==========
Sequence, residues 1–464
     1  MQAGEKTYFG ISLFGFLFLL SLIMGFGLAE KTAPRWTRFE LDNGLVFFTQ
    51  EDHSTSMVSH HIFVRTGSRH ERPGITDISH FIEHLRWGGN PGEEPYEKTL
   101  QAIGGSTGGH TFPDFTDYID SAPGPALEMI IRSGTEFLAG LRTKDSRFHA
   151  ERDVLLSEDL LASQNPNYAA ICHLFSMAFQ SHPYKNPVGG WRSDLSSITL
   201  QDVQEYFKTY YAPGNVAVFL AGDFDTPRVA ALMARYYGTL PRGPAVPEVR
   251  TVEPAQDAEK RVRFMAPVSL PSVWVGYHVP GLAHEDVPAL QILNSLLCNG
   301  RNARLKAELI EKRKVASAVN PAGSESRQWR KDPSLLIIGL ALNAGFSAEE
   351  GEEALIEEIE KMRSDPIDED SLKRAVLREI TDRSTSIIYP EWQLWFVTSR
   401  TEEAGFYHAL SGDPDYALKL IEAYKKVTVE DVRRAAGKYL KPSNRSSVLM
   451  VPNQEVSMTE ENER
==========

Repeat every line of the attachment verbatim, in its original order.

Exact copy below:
Sequence, residues 1–464
     1  MQAGEKTYFG ISLFGFLFLL SLIMGFGLAE KTAPRWTRFE LDNGLVFFTQ
    51  EDHSTSMVSH HIFVRTGSRH ERPGITDISH FIEHLRWGGN PGEEPYEKTL
   101  QAIGGSTGGH TFPDFTDYID SAPGPALEMI IRSGTEFLAG LRTKDSRFHA
   151  ERDVLLSEDL LASQNPNYAA ICHLFSMAFQ SHPYKNPVGG WRSDLSSITL
   201  QDVQEYFKTY YAPGNVAVFL AGDFDTPRVA ALMARYYGTL PRGPAVPEVR
   251  TVEPAQDAEK RVRFMAPVSL PSVWVGYHVP GLAHEDVPAL QILNSLLCNG
   301  RNARLKAELI EKRKVASAVN PAGSESRQWR KDPSLLIIGL ALNAGFSAEE
   351  GEEALIEEIE KMRSDPIDED SLKRAVLREI TDRSTSIIYP EWQLWFVTSR
   401  TEEAGFYHAL SGDPDYALKL IEAYKKVTVE DVRRAAGKYL KPSNRSSVLM
   451  VPNQEVSMTE ENER